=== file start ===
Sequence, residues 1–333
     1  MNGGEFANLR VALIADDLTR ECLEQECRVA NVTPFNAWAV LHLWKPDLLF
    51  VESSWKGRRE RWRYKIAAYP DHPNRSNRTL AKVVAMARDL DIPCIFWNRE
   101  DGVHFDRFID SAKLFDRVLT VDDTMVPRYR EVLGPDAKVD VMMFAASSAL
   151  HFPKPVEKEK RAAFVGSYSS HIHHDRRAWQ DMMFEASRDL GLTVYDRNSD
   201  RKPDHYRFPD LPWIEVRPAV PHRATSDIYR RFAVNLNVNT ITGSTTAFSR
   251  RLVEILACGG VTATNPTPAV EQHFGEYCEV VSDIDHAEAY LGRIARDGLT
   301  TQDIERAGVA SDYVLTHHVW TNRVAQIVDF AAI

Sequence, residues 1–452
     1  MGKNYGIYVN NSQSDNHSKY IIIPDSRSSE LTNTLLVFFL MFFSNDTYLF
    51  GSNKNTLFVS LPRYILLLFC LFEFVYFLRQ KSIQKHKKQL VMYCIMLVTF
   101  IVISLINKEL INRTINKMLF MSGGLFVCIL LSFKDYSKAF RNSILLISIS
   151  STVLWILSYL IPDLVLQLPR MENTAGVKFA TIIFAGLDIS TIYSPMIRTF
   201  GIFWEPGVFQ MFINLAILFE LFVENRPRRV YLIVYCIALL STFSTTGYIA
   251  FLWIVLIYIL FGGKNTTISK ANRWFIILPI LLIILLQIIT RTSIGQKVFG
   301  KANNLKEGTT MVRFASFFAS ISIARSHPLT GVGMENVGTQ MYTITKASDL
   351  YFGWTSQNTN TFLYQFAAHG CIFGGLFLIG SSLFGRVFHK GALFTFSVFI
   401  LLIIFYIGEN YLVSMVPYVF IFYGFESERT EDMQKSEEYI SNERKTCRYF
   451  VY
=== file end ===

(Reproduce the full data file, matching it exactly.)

Sequence, residues 1–333
     1  MNGGEFANLR VALIADDLTR ECLEQECRVA NVTPFNAWAV LHLWKPDLLF
    51  VESSWKGRRE RWRYKIAAYP DHPNRSNRTL AKVVAMARDL DIPCIFWNRE
   101  DGVHFDRFID SAKLFDRVLT VDDTMVPRYR EVLGPDAKVD VMMFAASSAL
   151  HFPKPVEKEK RAAFVGSYSS HIHHDRRAWQ DMMFEASRDL GLTVYDRNSD
   201  RKPDHYRFPD LPWIEVRPAV PHRATSDIYR RFAVNLNVNT ITGSTTAFSR
   251  RLVEILACGG VTATNPTPAV EQHFGEYCEV VSDIDHAEAY LGRIARDGLT
   301  TQDIERAGVA SDYVLTHHVW TNRVAQIVDF AAI

Sequence, residues 1–452
     1  MGKNYGIYVN NSQSDNHSKY IIIPDSRSSE LTNTLLVFFL MFFSNDTYLF
    51  GSNKNTLFVS LPRYILLLFC LFEFVYFLRQ KSIQKHKKQL VMYCIMLVTF
   101  IVISLINKEL INRTINKMLF MSGGLFVCIL LSFKDYSKAF RNSILLISIS
   151  STVLWILSYL IPDLVLQLPR MENTAGVKFA TIIFAGLDIS TIYSPMIRTF
   201  GIFWEPGVFQ MFINLAILFE LFVENRPRRV YLIVYCIALL STFSTTGYIA
   251  FLWIVLIYIL FGGKNTTISK ANRWFIILPI LLIILLQIIT RTSIGQKVFG
   301  KANNLKEGTT MVRFASFFAS ISIARSHPLT GVGMENVGTQ MYTITKASDL
   351  YFGWTSQNTN TFLYQFAAHG CIFGGLFLIG SSLFGRVFHK GALFTFSVFI
   401  LLIIFYIGEN YLVSMVPYVF IFYGFESERT EDMQKSEEYI SNERKTCRYF
   451  VY